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Posts Tagged ‘nighttime in China’

I guess it must be girls night out . . . I think in bedding shops it’s usually women selling stuff . . . but I don’t think the gendered division of labour is as segregated as what I’ve seen while living in Korea.

J

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I’m posting this picture because you can see the * by the bus number which means that this bus has air conditioning and you have to pay 2 yuan for the fare.

Now newbies to China, myself included, should realize that just because there’s a * doesn’t mean that the interior temperature and humidity levels will be cooler than the outside conditions–in fact, a fair amount of the time it might even be hotter and more humid inside!!!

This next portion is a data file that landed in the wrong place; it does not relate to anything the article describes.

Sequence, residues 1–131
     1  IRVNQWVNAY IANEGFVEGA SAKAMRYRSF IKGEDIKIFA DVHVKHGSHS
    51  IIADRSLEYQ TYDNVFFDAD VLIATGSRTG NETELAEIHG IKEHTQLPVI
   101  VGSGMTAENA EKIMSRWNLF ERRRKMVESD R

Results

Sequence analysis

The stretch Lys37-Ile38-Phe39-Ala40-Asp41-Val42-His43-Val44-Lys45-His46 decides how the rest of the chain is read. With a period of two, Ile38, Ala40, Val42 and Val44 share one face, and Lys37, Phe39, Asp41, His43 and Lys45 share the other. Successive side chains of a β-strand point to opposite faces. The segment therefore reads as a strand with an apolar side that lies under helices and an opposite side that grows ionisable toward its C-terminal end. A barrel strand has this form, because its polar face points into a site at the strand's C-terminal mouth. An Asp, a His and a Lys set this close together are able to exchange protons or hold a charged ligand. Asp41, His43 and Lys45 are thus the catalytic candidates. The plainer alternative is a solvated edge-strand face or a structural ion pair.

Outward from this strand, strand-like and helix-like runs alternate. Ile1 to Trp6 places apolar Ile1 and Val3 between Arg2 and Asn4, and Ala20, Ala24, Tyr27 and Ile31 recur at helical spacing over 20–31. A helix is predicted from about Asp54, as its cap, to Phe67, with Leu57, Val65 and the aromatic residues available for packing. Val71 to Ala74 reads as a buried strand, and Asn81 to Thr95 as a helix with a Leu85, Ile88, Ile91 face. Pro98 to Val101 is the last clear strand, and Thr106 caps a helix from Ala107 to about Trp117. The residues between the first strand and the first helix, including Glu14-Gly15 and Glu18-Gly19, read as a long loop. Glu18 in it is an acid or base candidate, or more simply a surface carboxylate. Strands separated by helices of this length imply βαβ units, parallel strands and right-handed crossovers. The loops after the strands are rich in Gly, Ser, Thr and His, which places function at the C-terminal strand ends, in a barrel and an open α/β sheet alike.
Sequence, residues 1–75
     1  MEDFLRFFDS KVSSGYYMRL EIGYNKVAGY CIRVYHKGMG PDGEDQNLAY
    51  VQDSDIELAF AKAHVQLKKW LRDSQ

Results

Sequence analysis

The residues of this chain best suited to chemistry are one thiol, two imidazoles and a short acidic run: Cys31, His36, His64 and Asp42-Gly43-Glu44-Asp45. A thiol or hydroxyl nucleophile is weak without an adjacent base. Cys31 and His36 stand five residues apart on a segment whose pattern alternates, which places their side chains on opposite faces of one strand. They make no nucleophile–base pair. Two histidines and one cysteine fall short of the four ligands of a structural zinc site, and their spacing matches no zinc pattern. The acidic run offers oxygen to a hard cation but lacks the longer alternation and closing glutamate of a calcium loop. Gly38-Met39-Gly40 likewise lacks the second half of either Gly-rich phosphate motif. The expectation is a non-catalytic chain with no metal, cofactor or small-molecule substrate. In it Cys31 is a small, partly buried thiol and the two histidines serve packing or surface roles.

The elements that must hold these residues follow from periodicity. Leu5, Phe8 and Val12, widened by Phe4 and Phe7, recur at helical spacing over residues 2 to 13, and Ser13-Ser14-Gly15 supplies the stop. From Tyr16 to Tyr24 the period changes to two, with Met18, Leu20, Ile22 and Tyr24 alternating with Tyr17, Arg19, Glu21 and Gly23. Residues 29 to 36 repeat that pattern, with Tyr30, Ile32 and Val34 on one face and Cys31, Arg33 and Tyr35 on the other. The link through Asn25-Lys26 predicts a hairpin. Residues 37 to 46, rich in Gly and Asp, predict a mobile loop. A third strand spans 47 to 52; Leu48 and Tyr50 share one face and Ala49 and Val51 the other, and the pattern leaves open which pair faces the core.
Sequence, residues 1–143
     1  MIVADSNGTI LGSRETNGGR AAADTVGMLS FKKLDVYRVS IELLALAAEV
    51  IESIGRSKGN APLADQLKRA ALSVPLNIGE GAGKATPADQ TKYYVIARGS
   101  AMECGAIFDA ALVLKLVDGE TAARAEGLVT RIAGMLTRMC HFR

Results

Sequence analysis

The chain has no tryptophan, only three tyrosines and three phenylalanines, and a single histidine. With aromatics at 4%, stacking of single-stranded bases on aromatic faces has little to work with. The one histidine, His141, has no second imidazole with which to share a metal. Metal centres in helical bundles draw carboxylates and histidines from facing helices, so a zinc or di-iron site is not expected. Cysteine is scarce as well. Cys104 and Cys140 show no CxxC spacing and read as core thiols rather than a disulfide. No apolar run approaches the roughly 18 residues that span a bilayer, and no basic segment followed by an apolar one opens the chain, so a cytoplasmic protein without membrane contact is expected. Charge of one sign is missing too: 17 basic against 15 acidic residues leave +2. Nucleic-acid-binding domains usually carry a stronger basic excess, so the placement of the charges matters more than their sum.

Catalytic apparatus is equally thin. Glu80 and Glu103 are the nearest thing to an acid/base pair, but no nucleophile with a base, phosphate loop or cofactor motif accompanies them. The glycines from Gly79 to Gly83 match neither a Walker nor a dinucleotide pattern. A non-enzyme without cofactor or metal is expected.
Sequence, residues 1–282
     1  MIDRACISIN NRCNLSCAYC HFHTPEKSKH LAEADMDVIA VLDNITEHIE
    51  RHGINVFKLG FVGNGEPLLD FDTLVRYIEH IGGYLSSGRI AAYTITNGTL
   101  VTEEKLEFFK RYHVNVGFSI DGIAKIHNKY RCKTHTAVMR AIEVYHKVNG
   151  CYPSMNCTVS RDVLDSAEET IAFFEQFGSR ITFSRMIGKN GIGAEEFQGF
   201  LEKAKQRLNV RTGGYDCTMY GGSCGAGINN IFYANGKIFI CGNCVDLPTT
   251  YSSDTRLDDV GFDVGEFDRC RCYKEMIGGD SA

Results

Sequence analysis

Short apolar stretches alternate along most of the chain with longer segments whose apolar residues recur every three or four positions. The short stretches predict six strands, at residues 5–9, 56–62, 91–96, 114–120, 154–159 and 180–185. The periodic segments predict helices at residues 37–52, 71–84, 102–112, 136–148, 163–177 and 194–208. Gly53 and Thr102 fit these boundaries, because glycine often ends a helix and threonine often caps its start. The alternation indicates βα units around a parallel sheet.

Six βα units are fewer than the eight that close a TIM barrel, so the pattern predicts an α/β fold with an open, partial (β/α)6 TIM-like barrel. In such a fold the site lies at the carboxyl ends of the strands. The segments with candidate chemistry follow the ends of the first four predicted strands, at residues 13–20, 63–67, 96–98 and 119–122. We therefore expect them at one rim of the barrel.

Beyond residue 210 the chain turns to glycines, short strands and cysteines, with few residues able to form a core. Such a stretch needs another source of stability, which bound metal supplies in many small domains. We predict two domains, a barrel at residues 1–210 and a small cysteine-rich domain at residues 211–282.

Tonight, the bus we got on actually had good air conditioning . . . and this really helps Julianne and I not get irritated by the sardine-packed-conditions of the bus we were on. There were so many people that more couldn’t enter anymore by the front entrance of the bus so they’d just climb in the back exit doors . . . this is not unusual, either, for bus culture in China from what I’ve seen.

Anyways, the extreme bus culture of China is definitely not something we will miss after leaving!

J

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Well, Julianne and I are slowly nearing the end of our time in China–we leave in a couple days.

It’s been extremely hot and humid outside now for several days. Sometimes there’s a semi-cooling breeze that keeps things tolerable in the shade, and sometimes there’s not and you begin to feel like you’re walking through an outdoor sauna . . . and it’s only going to get hotter as the summer progresses!